I was looking forward to this trip, because I hadn’t been able to ski in Finland for many years because of the mild weather conditions in the south where I lived. Growing up, my family was very active and skiing was one of our regular winter activities that we enjoyed doing with the whole family, including my grandparents. You could say that everyone in Finland knows how to ski. Much like in Norway it is one of the national sports of Finland. Therefore, I was also interested to see how the people from our class who had never cross country skied before, would cope and learn this skill that I was so familiar with.
The trip would be from Monday to Friday, and the goals of the week were to learn how to ski and develop a good technique, as well as to learn what is involved in ski touring and what one needs to know in terms of equipment, equipment maintenance and the general safety in the tours. This trip would also prepare us for our next trip(s) in the mountain areas, as we would ski mainly in Høgås which was higher on a hill and would offer somewhat similar conditions to mountain areas.
Because we had many learning outcomes during the week, I try to write a little bit about each one.
The skiing technique and “smart skiing”
Our group was divided in two, and I was in a group where we had a new instructor Tim, who owns the TrollAktiv, the place we would stay over the nights in this trip. From the first day on he encouraged us to learn the right ski technique because especially when ski touring one saves a lot of energy when the technique is good.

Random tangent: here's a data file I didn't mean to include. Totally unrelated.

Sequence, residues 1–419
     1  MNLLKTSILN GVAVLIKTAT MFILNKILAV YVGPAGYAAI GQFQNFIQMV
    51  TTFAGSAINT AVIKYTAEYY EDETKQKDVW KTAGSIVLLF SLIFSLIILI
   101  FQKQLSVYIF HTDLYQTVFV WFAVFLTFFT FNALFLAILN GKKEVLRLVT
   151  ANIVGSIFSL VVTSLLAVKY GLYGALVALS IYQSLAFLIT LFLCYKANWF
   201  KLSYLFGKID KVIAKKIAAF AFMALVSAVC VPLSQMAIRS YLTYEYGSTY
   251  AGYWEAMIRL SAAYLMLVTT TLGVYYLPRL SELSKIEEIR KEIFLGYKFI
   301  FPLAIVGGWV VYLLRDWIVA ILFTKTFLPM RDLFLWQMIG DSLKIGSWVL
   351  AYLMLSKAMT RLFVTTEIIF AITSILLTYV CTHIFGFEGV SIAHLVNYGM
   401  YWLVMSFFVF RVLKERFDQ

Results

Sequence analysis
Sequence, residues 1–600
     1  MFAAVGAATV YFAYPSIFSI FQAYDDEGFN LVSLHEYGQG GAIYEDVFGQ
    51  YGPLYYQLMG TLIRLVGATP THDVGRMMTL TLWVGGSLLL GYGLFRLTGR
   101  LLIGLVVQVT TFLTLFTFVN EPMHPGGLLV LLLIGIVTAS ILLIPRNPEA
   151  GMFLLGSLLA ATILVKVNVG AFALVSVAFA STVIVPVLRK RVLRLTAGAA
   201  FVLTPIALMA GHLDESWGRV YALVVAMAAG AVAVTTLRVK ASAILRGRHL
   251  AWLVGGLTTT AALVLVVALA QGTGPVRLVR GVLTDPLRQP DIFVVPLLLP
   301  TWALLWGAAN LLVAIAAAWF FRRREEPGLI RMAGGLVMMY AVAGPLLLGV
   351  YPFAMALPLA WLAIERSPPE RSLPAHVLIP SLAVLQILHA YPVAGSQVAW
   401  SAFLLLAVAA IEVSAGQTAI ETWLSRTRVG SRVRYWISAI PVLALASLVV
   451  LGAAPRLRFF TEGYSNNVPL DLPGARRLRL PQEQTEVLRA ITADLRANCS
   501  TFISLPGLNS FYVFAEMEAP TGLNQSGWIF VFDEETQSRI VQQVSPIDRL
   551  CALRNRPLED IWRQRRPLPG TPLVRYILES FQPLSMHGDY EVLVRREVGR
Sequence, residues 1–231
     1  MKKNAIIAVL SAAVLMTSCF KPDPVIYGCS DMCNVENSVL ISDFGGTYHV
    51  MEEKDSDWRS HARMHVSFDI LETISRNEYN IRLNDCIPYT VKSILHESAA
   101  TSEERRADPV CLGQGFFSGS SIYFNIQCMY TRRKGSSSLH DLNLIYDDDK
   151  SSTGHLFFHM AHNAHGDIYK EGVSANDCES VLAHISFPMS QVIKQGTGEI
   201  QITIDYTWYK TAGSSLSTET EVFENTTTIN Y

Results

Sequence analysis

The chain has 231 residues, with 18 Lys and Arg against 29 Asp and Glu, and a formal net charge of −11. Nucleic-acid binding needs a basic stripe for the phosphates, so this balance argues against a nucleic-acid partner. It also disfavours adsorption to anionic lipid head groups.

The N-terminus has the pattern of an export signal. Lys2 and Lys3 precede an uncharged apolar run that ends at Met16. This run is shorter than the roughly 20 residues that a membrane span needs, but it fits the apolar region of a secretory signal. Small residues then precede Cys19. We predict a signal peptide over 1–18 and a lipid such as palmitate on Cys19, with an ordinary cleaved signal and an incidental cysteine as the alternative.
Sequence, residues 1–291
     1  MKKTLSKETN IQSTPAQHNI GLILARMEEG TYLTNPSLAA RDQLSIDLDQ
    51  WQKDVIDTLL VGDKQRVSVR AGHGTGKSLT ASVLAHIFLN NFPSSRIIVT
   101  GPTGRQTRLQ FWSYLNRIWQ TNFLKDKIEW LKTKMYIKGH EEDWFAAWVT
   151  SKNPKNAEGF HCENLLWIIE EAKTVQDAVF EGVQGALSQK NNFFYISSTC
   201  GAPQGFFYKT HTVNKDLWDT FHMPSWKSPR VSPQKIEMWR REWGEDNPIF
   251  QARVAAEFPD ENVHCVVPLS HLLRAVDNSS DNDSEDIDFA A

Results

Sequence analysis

In the beginning we practised a lot of different turns and lifting of the skies just to get the feeling of having skies on, and how one should balance the weight on skies. He also instructed us to go uphill, and downhill with different styles to increase the balance, and ski control (e.g.Lifting other leg up, slalom etc.). I noticed from the inexperienced skiers that for some it was very difficult to find the balance on skies, especially if the downhill was uneven or curved. I learned that especially when going down/ or uphill one should not lean forward but rather “sit on skies” bending the knees and ankles, and use the hands for balance (see the picture).
Another thing was when poling to try to slide the ski after the kick, and angle the pole so that one can actually get the power behind the pole.
After some practicing we headed to ski on and off tracks, of which the off track was especially fun. In terms of “smart skiing” I learned a couple of things. When ski touring and wanting to go uphill, instead of the “fish-herring” or “the duck walk” style, more energy saving option is to go up diagonally by making a “zig zag” form, and using the kick turn when changing directions. Another thing was controlling the speed when going downhill, because if one falls a lot during the day it is both energy consuming and might get the gear wet. Therefore, when hoping to get an easier track down, it was recommended to not to follow a pressed track but to ski in fresh snow.
Is naturally a very important factor to consider when touring outdoors in the winter. Especially when mountaineering the weather can change quite rapidly. Therefore, one needs to prepare for the trips by observing the forecast, and the wind speed especially, because it can add many degrees to the coldness of the weather. This was the case on our third day of skiing. The temperature was only a few degrees colder than the day before, but the wind was blowing hard, and that would mean that up at Høgås it would have felt like -20 C. Therefore, because of our group level, a choice was made to ski lower, so that the possibility of stopping and teaching remained.